Acceptability and safety of novel infant porridges containing lyophilized meat powder and iron-fortified wheat flour
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Permanent link to this item: http://hdl.handle.net/10568/42544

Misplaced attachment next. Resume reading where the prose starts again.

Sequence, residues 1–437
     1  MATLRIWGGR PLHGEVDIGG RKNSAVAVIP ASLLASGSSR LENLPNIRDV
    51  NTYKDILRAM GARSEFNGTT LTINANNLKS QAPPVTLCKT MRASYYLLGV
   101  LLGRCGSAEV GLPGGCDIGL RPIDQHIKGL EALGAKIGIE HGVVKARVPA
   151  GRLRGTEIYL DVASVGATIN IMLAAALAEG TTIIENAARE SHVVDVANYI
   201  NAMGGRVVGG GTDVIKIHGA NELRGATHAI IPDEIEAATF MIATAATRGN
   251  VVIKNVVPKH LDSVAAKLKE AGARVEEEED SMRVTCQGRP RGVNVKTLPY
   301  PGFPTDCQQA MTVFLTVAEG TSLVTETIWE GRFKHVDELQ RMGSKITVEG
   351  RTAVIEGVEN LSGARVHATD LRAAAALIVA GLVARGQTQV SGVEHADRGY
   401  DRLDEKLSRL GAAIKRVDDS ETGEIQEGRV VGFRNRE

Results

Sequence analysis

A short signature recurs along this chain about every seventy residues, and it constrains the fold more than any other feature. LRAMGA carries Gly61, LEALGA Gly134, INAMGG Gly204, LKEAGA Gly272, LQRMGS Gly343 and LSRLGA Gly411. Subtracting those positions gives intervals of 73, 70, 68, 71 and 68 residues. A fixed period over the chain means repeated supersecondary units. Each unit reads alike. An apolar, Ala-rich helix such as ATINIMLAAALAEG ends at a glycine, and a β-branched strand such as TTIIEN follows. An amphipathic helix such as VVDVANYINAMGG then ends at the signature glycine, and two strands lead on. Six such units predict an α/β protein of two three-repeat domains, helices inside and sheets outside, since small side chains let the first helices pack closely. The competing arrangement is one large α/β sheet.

BACKGROUND: Lyophilized meat powder with iron-fortified wheat flour can be used to produce an infant porridge with bioavailable iron, but its acceptability and safety are unknown. OBJECTIVE: To evaluate the acceptability and safety of porridges containing lyophilized meat powder and iron-fortified wheat flour. METHODS: Peruvian mothers' input was used to develop porridges without (no meat) and with meat powder (low or high chicken liver, low or high chicken thigh). Acceptability was determined by maternal hedonic scoring, 9-day infant intake, and videotape analysis of how well infants liked each porridge. Dry and cooked porridges and meat ingredients were tested for microorganisms; meats were tested for pesticides. RESULTS: Mothers gave higher acceptability scores to the no-meat porridge, followed in order by low and high quantities of meat powder (e.g., mean +/- SD "taste"scores were 4.5 +/- 0.9 for the no-meat, 3.7 +/- 1.1 for the low-liver, and 3.3 +/- 1.1 for the high-liver porridges, p = .0001). Infants' porridge intake did not differ: 61.4 +/- 47.1 g of no-meat, 62.1 +/- 44.9 g of low-thigh, and 67.5 +/- 42.0 g of low-liver (p = .7), as supported by the video analysis. Microbiologic safety was acceptable except for marginally acceptable molds and yeasts in dry ingredients. No pesticide residues were detected. CONCLUSIONS: Despite mothers' clear preference for no-meat porridges, infants consumed equal amounts of porridges with and without meat. Thus, if mothers can be convinced to feed the meat-containing porridges to the infants despite their own preferences, the infants will consume these porridges. The mold and yeast content of the porridge ingredients must be reduced.